Happy Friday, bibliophiles!
I made a post a few months back discussing a handful of sci-fi tropes that I’ve seen in books—here it is, if you’d like to have a look! When I wrote it, I knew I’d be writing several more similar posts; the world of sci-fi literature is so diverse in its content, so there’s no shortage of tropes, however specific, that I can discuss. Some of these tropes are broader and others are fairly minute, but I think they’ll be a lot of fun to discuss.
So let’s dive in, shall we?
SCI-FI TROPES: PART 2
MYSTERIOUS, TELEKINETIC WOMEN
Here’s an interesting one to tackle. I see this one almost exclusively in space operas, but the basic premise is usually as follows: a woman, usually younger than the rest of the main cast, is either gifted with or born with unexplainable and unparalleled telekinesis. This power usually means that she’s the main decider in ✨the fate of the universe✨. These powers of hers often result in mind-bending displays of grandeur, including but not limited to: killing enemies in disturbing ways, crumpling spaceships like soda cans, and bending space and time itself.
Often, these powers come along with an intense emotional burden; at the heart of it, there’s a quintessential “why me?” dilemma with respect to her powers. Inner conflict is all part of the package with godly telekinesis, which often results in this character losing her mind and/or lashing out at other members of the cast. And, well…given that it’s either a “puppet of an all-powerful cosmic entity” or “being devoured from the inside by space energy” situation, it’s understandable.
What sometimes rubs me the wrong way about this trope—although I’m all for cosmic women tearing apart the fabric of the universe (who isn’t?)—is the fact that most of these women have a lack of agency. Which, given that a lot of the characters that come to mind are written by men, is more than a little concerning. Even with all of this awe-inspiring power, these women are often portrayed as helpless. Many of their breakdowns about the burden of their power are often reduced to “oh, she’s just a women being overly emotional, typical.”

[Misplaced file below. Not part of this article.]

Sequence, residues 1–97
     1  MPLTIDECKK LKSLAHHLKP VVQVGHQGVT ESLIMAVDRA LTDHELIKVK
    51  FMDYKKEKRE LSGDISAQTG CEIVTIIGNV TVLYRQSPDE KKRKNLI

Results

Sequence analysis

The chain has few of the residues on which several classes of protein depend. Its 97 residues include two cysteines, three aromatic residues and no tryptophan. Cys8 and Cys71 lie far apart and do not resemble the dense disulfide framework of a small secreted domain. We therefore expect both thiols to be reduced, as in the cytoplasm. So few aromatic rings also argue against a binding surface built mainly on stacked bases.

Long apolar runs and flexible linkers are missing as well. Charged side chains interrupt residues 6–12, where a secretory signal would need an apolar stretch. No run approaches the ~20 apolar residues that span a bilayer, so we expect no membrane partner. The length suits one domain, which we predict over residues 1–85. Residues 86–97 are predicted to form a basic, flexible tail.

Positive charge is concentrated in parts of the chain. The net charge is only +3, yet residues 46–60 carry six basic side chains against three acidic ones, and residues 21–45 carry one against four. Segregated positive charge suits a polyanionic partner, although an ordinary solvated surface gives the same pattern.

Which brings me to why I appreciate a particular instance of this trope—Auri from Aurora Rising. She may still be frightened of her own power, but she takes control of the situation—she takes it upon herself to master her powers, break away from the path that the Eshvaren have set for her, and ultimately save the galaxy. She has agency, and, yes, that’s the bare minimum, but she’s written with a significant amount of sway over her abilities as the books go on.
This trope can be poignant and powerful if used right, but if misused, it can lead to a lot of reductive stereotypes.
BOOKS WITH TROPES: Aurora Rising (Amie Kaufman and Jay Kristoff), Forgotten Star (Colin Weldon), The Stars Now Unclaimed (Drew Williams)
IF THE ALIENS AREN’T BASICALLY HUMANS, THEY’RE JUST ANTHROPOMORPHIZED ANIMALS
I get it. Creature design is hard—how do you create an alien that’s simultaneously familiar enough for a reader to project onto (if that’s the goal) but also weird enough to pass as “alien?”
In my last post, I talked about the trope of aliens that just looked like humans. That’s the ultimate alien design deal-breaker for me, unless there’s a good explanation for it. But in my opinion, the next level down is just making your aliens intelligent versions of animals with no other changes. Like the human-alien trope, it just feels like lazy design. It’s not that basing your alien design off of a certain animal is bad—on some level, most alien design is just that. The lazy part is just making an upright version of an already existing animal and changing nothing beyond that. (Plus, if it’s mammalian, you’re just…making intergalactic furries? Uh…)
One of the worst examples that I can recall is from The Stars Now Unclaimed, which I DNF’d. Not only was their an alien species that were just upright wolves, the species itself was called a Wulf. I KID YOU NOT. At that point, it’s almost…self-aware of how lazy it is? Or it seems that way, at any rate. But you just…don’t do that. Under any circumstances.
BOOKS WITH THIS TROPE: The Stars Now Unclaimed (Drew Williams), Earth Force Rising (Monica Tesler), Columbus Day (Craig Alanson)
AND ON THAT SUBJECT, WHAT’S WITH ALL THE SPIDERS?